Seagate Now Shipping 2nd-Gen Solid State Hybrid Drive

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robisinho

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I thought hard drives at that capacity were going for way less.

Intel SSDs are a crappy comparison price wise. You could get those two seconds from less cost by pairing a 128GB SSD with a half tb $100 drive for maybe $50 more.
 
$245 for a 750 gb drive with 8 gb flash cache... it's cheaper compared to a fullblown ssd but too costly for a hard disk drive of the same capacity. besides i heard a rumor that this drive was supposed to be priced much less then got bumped up because of thailand's flood.
 

AndrewMD

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@de5_roy - The floods in Thailand has effect a number of manufactures including Toyota, Mitsubishi, Honda, Western Digital, Asus, and others that do much of their manufacturing.
 

jacobdrj

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Price is too darned high... SSD cache is too darned low...

Dang those floods... When will manufacturers learn to diversify their supply chains... Hire some freggin logtistics people, sheesh...
 

danwat1234

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This new Momentus XT beats a 600GB Velociraptor! Pretty impressive and makes sense. It would be exciting if Atom netbooks started using these drives instead of slow 1-platter 5400RPM drives that they usually come with.
Good for desktops too.
 

kyuuketsuki

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[citation][nom]vilenjan[/nom]WTB a desktop 3.5 variant that uses a sngle 1tb platter and 16gb SSD cache. AMD and older (pre z68) Intel users would love these drives[/citation]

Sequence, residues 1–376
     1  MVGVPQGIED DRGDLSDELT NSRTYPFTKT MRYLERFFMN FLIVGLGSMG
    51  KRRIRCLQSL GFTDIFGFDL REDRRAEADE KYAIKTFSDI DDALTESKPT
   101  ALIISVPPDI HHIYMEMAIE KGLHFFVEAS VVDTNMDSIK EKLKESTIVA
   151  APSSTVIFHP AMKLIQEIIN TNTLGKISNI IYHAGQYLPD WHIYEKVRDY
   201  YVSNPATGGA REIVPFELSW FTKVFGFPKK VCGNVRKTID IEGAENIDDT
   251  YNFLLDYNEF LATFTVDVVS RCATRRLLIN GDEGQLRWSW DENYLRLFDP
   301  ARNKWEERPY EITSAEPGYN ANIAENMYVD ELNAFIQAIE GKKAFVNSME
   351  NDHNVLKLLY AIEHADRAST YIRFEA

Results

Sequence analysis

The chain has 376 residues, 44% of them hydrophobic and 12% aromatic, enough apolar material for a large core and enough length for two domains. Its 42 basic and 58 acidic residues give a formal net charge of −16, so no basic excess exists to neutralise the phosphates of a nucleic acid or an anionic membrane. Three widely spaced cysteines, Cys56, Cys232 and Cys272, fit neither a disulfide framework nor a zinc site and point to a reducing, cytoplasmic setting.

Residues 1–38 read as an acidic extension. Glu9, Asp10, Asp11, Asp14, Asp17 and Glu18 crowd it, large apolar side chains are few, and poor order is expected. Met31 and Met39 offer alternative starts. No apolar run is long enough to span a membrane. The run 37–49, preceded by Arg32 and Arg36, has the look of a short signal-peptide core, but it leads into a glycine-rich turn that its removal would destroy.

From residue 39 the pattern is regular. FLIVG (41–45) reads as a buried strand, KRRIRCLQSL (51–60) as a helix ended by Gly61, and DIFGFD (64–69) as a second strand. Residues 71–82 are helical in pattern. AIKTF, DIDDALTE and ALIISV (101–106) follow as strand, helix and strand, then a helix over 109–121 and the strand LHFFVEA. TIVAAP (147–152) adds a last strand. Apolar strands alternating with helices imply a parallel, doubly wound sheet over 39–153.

That would be whenever they roll out the Barracuda XT.
 

jacobdrj

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[citation][nom]jacekring[/nom]I want to see this as a 500gig 10k rpm drive with 32gigs of cache. With both smart cache and "reserve" cache. So if I want, I can move specific files/apps to the cache regardless of what I use the most...This way you could move your OS to the cache permanently, and a few games or apps you use sparsely (or recently installed) but want to boot fast when you do and have the rest of the cache be smart and self allocate as needed.[/citation]
But how do you do that without breaking partition information? If someone can figure out how to make this an option, but keeping it idiotproof... you have quite a product on your hands...
 

wiyosaya

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I can't say I would spend that much for this drive. If it had maybe 64GB SSD, I might. Personally, I think I would be much better off buying a 64 GB SSD and an 2TB SATA drive. I could easily do this for this price and end up with enough pocket change for a good game.
 

bison88

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Correct me if I'm wrong, but wouldn't a speed boost using traditional HDD systems be better if you had more RAM and could off-load temporary or most used applications/files to the RAM instead of on a NAND chip in the hard drive? Would give us a reason to finally upgrade RAM and push for more system memory which consequently would push the entire industry to make use of it. Not too keen on the whole SSD tech so maybe that sounds ignorant.